King's Highway 401, commonly referred to as Highway 401 and also known by its official name as the Macdonald–Cartier Freeway or colloquially referred to as the four-oh-one,is a controlled-access 400-series highway in the Canadian province of Ontario. It stretches 828 kilometres (514 mi) from Windsor in the west to the Ontario–Quebec border in the east. The part of Highway 401 that passes through Toronto is North America's busiest highway, and one of the widest.Together with Quebec Autoroute 20, it forms the road transportation backbone of the Quebec City–Windsor Corridor, along which over half of Canada's population resides. It is also a Core Route in the National Highway System of Canada.The route is maintained by the Ministry of Transportation of Ontario (MTO) and patrolled by the Ontari

Property Value
dbo:Infrastructure/length
  • 828.0
dbo:abstract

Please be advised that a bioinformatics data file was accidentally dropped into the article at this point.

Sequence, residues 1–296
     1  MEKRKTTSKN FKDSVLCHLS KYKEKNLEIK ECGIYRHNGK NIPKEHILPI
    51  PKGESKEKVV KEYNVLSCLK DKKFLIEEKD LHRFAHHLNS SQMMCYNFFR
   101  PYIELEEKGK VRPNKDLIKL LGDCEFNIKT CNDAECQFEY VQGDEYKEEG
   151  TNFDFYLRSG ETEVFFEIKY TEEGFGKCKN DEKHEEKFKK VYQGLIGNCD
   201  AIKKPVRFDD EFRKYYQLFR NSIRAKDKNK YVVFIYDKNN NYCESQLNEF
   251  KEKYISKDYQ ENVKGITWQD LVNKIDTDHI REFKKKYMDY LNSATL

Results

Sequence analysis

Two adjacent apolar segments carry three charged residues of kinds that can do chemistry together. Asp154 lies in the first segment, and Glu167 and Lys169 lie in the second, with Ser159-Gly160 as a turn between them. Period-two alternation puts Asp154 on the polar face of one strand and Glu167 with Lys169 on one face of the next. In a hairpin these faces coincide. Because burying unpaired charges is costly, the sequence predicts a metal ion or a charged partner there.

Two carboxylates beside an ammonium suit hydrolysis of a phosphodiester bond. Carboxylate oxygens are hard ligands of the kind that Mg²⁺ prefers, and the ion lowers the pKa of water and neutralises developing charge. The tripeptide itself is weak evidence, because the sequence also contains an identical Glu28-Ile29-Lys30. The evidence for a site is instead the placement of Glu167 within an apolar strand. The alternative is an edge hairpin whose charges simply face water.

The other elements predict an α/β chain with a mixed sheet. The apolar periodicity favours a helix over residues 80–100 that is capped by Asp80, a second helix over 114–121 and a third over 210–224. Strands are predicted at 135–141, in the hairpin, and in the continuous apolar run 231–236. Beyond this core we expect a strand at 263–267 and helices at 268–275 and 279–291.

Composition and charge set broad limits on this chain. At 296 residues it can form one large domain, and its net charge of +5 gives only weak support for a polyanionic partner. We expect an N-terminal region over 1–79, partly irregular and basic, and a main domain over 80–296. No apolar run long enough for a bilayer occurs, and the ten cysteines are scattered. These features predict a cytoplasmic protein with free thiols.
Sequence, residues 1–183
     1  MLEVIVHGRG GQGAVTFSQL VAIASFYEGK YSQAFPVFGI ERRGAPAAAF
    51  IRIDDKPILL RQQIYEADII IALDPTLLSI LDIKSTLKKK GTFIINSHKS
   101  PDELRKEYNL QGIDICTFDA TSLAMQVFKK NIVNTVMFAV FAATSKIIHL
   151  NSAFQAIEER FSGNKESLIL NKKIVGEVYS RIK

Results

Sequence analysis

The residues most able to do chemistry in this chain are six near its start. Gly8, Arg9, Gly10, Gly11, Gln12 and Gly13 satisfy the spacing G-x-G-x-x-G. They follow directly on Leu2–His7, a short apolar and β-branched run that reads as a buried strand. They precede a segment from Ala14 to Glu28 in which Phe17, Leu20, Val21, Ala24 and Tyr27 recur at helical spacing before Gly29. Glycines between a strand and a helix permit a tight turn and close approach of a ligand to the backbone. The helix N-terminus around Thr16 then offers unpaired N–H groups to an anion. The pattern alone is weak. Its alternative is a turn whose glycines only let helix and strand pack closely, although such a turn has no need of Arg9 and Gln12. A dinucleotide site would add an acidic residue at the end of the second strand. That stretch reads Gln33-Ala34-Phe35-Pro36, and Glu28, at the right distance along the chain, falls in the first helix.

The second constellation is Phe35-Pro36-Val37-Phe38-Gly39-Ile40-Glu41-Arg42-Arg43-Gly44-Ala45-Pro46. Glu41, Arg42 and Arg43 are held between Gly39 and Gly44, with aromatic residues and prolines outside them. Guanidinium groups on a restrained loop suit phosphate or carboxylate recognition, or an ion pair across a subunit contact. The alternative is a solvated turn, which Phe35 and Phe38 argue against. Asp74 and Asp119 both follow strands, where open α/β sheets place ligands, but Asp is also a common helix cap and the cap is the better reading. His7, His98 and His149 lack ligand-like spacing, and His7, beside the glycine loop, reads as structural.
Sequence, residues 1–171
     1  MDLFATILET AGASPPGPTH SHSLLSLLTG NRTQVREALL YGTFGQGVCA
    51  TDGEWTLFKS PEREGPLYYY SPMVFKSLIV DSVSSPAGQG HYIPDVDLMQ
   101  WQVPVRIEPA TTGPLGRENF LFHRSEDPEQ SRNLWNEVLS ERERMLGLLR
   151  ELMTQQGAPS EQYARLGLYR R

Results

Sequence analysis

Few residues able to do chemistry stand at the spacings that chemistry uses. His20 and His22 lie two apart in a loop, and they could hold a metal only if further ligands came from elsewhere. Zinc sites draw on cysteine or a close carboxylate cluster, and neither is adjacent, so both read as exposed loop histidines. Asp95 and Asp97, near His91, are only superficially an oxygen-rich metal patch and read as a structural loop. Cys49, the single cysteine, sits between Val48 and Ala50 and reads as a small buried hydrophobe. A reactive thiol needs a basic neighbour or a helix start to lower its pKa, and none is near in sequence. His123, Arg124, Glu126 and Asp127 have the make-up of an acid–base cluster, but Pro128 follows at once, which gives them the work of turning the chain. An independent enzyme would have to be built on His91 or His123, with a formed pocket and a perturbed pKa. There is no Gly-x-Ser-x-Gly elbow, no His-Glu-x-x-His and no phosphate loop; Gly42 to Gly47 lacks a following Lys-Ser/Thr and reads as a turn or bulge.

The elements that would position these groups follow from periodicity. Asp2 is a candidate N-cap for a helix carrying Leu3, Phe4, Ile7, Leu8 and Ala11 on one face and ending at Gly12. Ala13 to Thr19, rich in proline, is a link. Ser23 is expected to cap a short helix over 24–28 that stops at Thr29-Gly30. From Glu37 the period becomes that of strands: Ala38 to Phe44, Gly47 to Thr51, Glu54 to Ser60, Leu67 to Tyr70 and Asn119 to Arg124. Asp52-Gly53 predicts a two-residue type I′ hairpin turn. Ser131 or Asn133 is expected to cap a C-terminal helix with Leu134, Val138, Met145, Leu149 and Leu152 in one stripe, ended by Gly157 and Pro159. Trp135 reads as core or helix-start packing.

• King's Highway 401, commonly referred to as Highway 401 and also known by its official name as the Macdonald–Cartier Freeway or colloquially referred to as the four-oh-one,is a controlled-access 400-series highway in the Canadian province of Ontario. It stretches 828 kilometres (514 mi) from Windsor in the west to the Ontario–Quebec border in the east. The part of Highway 401 that passes through Toronto is North America's busiest highway, and one of the widest.Together with Quebec Autoroute 20, it forms the road transportation backbone of the Quebec City–Windsor Corridor, along which over half of Canada's population resides. It is also a Core Route in the National Highway System of Canada.The route is maintained by the Ministry of Transportation of Ontario (MTO) and patrolled by the Ontario Provincial Police. The speed limit is 100 km/h (62 mph) throughout its length, with the only exceptions the posted 80 km/h (50 mph) limit westbound in Windsor and in most construction zones. By the end of 1952, three individual highways were numbered "Highway 401": the partially completed Toronto Bypass between Weston Road and Highway 11 (Yonge Street); Highway 2A between West Hill and Newcastle; and the Scenic Highway between Gananoque and Brockville, now known as the Thousand Islands Parkway. These three sections of highway were 11.8, 54.7 and 41.2 km, (7.3, 34.0 and 25.6 mi), respectively. In 1964, the route became fully navigable from Windsor to the Ontario–Quebec border. In 1965 it was given a second designation, the Macdonald–Cartier Freeway, in honour of two Fathers of Confederation. At the end of 1968, the Gananoque–Brockville section was bypassed and the final intersection grade-separated near Kingston, making Highway 401 a freeway for its entire 817.9-km length. On August 24, 2007, the portion of the highway between Glen Miller Road in Trenton and the Don Valley Parkway / Highway 404 Junction in Toronto was designated the Highway of Heroes, as the road is travelled by funeral convoys for fallen Canadian Forces personnel from CFB Trenton to the coroner's office in Toronto. On September 27, 2013, the Highway of Heroes designation was extended west to Keele Street in Toronto, to coincide with the move of the coroner's office to the new Forensic Services and Coroner's Complex at the Humber River Hospital. In 2011, construction began on a westward extension called the "Rt. Hon. Herb Gray Parkway". This new route follows but does not replace, the former Highway 3 between the former end of the freeway and the E. C. Row Expressway, at which point it turns and parallels that route towards the site of the future Gordie Howe International Bridge. An 8-kilometre (5 mi) section of the parkway, east of the E. C. Row interchange, opened on June 28, 2015, with the remaining section completed and opened on November 21. In summer 2019, widening of the highway between Highway/Regional Road 8 in Kitchener to Highway/Regional Road 24 in Cambridge to 12 lanes was completed. There are plans are underway to widen the remaining four-lane sections between Windsor and London to six lanes and to widen the route between Cambridge and Milton as well as through Oshawa. The expansive twelve-plus-lane collector–express system now existing from Pickering through Toronto partway across Mississauga will be extended west through Mississauga to Milton and east through Ajax and Whitby. (en)